8) Returning to the theme that libraries have always had a key contribution to make in tracking and tracing relationships among bibliographic entities, we should review the full range of these, to make sure we have on our radar the ones that users care about and would benefit from.

In addition to the major relationships covered in the FRBR model, users may also care about relationships such as that between the book and the movie.

A more useful form of relevance ranking takes into account a wide range of factors beyond the prevalence of a keyword in the metadata, such as how widely held a title is in libraries, how often it is used (circulated, purchased), how a title’s usage and ownership correlates with that of other titles, etc.

As the editors of Wikipedia articles are connecting from them to useful library resources, similarly we should be looking for new ways to link users from our records to related resources (or even experimentally empowering users do this).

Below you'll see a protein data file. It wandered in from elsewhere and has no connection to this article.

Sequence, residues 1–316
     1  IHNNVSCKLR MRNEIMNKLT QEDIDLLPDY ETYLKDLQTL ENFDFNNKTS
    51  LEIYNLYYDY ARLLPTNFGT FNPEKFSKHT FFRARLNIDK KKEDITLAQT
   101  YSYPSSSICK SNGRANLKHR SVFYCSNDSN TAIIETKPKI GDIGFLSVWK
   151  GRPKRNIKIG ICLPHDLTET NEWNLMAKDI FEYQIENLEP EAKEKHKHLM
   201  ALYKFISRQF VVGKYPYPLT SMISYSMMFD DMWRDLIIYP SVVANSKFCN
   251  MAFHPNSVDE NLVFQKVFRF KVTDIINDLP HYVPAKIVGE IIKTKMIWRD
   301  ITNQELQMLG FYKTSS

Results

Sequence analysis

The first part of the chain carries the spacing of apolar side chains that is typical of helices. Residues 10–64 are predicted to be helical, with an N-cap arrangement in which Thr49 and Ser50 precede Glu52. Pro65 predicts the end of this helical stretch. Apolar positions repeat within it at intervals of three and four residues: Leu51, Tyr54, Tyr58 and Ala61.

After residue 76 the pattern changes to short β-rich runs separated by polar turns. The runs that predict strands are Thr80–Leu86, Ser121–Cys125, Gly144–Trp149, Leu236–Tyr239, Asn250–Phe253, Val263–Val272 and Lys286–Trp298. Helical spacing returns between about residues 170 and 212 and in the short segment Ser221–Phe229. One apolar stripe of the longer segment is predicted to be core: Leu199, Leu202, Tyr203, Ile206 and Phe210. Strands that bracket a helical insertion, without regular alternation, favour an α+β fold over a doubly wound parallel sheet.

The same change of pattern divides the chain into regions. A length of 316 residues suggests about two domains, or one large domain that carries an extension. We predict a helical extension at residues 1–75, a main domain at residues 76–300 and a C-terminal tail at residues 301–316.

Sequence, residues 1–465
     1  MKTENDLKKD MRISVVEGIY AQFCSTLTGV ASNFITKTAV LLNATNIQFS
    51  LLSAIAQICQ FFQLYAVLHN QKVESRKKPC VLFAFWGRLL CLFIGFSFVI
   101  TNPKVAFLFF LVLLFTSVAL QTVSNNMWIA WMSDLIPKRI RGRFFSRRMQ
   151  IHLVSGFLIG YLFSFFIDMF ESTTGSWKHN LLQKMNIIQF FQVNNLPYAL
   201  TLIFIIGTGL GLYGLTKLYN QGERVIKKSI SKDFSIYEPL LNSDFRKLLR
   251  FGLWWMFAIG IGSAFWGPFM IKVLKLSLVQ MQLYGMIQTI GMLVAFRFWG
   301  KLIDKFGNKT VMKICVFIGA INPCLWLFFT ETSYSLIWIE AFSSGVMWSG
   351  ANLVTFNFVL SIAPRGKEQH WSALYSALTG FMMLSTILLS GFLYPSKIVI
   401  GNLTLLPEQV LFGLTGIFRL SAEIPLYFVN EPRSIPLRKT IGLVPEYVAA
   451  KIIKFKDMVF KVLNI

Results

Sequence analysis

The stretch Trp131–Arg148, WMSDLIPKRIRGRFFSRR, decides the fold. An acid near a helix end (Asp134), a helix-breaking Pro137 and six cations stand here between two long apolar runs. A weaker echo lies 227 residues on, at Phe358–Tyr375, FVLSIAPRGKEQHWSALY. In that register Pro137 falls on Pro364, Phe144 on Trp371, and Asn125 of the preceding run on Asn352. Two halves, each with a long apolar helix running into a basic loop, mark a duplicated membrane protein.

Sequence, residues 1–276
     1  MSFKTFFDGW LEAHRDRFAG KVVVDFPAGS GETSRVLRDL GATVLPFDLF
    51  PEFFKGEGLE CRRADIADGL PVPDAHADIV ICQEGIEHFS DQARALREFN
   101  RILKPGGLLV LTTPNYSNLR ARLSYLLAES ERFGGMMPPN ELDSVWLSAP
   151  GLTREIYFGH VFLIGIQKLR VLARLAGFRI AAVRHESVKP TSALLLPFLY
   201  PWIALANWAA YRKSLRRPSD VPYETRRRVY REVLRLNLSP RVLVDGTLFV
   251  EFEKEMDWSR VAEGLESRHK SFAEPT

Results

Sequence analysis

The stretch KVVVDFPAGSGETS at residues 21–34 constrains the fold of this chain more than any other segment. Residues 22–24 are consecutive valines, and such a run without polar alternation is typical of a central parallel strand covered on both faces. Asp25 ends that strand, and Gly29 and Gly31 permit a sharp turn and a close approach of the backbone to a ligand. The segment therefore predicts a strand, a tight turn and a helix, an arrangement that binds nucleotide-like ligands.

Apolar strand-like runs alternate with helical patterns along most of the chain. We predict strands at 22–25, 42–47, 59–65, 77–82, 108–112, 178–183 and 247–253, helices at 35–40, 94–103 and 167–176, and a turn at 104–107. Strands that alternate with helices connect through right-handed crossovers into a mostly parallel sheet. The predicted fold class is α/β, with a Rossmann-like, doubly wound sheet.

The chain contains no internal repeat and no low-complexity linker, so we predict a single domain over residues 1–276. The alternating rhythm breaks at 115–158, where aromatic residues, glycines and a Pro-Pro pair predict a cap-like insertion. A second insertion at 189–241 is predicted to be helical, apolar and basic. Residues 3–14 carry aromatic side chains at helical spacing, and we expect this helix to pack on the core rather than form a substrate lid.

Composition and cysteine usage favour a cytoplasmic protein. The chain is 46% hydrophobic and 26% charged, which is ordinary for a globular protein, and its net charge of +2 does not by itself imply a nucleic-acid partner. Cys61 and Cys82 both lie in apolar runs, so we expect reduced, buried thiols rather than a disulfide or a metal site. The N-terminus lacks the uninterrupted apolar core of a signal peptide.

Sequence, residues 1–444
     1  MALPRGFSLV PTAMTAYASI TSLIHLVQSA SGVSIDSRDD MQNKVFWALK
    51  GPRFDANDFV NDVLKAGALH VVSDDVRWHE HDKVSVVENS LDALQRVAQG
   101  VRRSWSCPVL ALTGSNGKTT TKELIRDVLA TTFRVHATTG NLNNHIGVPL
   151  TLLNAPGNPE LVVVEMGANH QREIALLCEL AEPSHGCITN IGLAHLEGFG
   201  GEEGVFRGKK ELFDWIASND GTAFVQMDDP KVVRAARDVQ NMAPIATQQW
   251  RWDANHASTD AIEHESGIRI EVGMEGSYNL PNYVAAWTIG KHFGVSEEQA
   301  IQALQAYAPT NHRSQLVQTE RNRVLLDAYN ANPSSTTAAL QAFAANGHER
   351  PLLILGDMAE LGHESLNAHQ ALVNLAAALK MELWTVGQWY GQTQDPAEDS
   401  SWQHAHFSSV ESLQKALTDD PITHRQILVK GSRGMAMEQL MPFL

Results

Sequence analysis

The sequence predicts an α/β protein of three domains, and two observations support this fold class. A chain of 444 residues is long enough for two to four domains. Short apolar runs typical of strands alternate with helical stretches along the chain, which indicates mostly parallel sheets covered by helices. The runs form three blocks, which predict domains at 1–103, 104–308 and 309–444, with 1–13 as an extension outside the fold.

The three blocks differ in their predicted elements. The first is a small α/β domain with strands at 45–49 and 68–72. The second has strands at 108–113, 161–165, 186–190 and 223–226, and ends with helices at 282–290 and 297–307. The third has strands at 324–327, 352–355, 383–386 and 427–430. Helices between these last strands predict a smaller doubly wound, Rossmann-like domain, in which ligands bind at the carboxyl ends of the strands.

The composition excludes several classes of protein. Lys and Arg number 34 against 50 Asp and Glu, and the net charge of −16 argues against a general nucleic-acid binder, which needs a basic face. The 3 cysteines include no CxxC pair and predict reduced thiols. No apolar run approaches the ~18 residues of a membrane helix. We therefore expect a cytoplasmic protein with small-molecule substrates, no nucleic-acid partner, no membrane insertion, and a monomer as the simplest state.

At the 2007 Association of Jewish Libraries meeting, the WorldCat Identities project was demonstrated. One of the most compelling benefits seen in it was the ability to connect users from “Authors, Yiddish --20th century” to examples of individual authors like Isaac Bashevis Singer.3 This looks an awful lot like the topic-to-name see-also references that used to populate NACO records, until the perceived maintenance burden led to their discontinuation and removal in the 1990s. If they are important to our users and if we are unable to support this work, could our users be authorized to add these?

As Stu Weibel put it recently4, we should be willing to “Link to all things useful.” 1

Consider these examples:

Implementation projects involving the Functional Requirements for Bibliographic Records (FRBR) (http://www.oclc.org/research/projects/frbr/default.htm ) that group related material together for easier, meaningful navigation.

New front-end discovery services such as the Endeca implementation at North Carolina State University (http://www.ncsu.edu/news/press_releases/06_01/007.htm ) that offer faceted search results in the online catalog (http://www.lib.ncsu.edu/catalog ).